Petticoat Tails

These thin, triangular, crisp, rich biscuits are thought to date from twelfth-century Edinburgh, and later on to have been a favourite of Mary, Queen of Scots. There is some dispute over the name and the recipe: it could derive from the French for little cakes, ‘petites gatelles’, or from ‘tally’, the word for a cut-out pattern. Writing in 1826 in her book The Cook and Housewife’s Manual, Meg Dodds says, ‘. . . we rather think the name petticoat tails has its origin in the shape of the cakes, which is exactly that of the bell-hoop petticoats of our ancient court ladies’, ‘petty cotes’ being a wide panelled skirt. The traditional pattern is made by cutting a disc in the centre of the shortbread round, then cutting the surrounding dough into segments.

The recipe is butter-rich and crisp. Caster sugar can be used instead of icing sugar, and you can use either cornflour or rice flour. The mixture can be left plain, or flavoured with caraway seeds or a few drops of almond extract.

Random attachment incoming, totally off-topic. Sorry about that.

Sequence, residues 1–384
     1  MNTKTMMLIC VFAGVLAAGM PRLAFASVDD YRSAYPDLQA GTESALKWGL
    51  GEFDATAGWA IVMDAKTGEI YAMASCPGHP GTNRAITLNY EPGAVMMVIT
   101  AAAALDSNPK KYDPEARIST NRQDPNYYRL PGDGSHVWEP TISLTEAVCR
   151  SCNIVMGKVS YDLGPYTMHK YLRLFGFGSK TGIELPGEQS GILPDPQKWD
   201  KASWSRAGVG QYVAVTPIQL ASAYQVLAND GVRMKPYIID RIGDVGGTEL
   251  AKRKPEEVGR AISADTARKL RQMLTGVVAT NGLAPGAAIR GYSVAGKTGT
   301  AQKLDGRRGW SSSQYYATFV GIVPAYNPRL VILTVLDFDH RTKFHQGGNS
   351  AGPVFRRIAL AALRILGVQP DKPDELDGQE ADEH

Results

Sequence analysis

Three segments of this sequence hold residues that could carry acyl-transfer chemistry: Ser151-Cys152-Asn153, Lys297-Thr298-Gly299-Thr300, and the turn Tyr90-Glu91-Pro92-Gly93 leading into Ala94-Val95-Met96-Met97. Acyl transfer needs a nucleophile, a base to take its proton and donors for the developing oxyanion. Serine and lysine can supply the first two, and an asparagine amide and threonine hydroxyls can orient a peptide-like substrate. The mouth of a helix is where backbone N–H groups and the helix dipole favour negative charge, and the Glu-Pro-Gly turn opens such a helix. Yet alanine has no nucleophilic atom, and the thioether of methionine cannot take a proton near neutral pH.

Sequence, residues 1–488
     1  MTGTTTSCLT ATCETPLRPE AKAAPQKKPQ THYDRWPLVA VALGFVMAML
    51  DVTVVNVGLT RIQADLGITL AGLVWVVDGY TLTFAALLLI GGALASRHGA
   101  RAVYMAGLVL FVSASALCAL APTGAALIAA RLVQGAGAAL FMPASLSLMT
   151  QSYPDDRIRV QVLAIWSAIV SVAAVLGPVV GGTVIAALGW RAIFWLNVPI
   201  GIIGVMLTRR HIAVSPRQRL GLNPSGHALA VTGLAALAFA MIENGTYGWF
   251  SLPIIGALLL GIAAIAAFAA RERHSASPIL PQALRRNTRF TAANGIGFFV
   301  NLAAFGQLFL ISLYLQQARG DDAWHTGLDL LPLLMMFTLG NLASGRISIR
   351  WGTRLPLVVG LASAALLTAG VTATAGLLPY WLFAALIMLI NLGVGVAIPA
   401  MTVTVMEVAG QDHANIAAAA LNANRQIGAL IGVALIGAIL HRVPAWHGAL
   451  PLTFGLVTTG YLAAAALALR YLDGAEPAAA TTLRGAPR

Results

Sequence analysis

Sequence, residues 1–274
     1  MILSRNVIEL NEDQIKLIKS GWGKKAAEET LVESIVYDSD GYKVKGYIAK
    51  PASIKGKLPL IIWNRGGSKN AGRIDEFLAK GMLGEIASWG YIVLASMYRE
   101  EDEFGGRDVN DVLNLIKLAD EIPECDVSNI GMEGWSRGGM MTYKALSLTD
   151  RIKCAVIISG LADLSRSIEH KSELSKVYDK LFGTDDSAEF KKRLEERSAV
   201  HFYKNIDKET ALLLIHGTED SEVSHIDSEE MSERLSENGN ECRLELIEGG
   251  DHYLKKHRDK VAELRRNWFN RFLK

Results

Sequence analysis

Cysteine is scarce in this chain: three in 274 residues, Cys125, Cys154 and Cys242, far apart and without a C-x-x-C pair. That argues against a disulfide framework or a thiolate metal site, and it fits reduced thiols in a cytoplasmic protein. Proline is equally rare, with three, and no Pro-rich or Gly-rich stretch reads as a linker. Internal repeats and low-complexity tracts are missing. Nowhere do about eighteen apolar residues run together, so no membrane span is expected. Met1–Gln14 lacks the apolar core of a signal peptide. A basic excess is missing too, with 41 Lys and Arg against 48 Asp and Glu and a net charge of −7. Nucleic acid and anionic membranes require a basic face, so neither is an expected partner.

You will need
150g unsalted butter, very soft 
40g icing sugar 
200g plain flour 
50g cornflour caster sugar, for sprinkling 
2 baking trays, greased with butter a 5cm round cutter

Makes about 18 pieces
Preheat the oven to 180°C/350°F/gas 4.

Beat the butter and sugar until light and creamy, using a wooden spoon or an electric whisk or mixer. Sift the flour and cornflour on to the mixture and work it in with your hands to make a firm dough. Knead gently to bring it together (some cooks add a very little milk in cold weather). Divide the dough in half, and shape each portion into a ball. Set each one in the middle of a greased baking tray, and gently roll with a rolling pin, or press out with your hands, to an even circle 18cm across and 5mm thick. Press in any stray crumbs or cracks, to give an even surface.

Pinch the outside edge of each circle to decorate. Press the round cutter into the centre of each disc, but do not remove the circle of dough. With a sharp knife cut the dough around the centre circle into 8 segments, without cutting into the centre circle.

Bake in the preheated oven for about 18 to 20 minutes, until lightly golden and crisp all over. If necessary, rotate the trays halfway through the baking time so that the shortbreads cook evenly.
Sprinkle with caster sugar and gently cut along the marked lines, but leave to cool completely before removing from the tray. Traditionally, the triangular segments would be served arranged in a ring, with the centre circle set in the middle.

Store in an airtight container.

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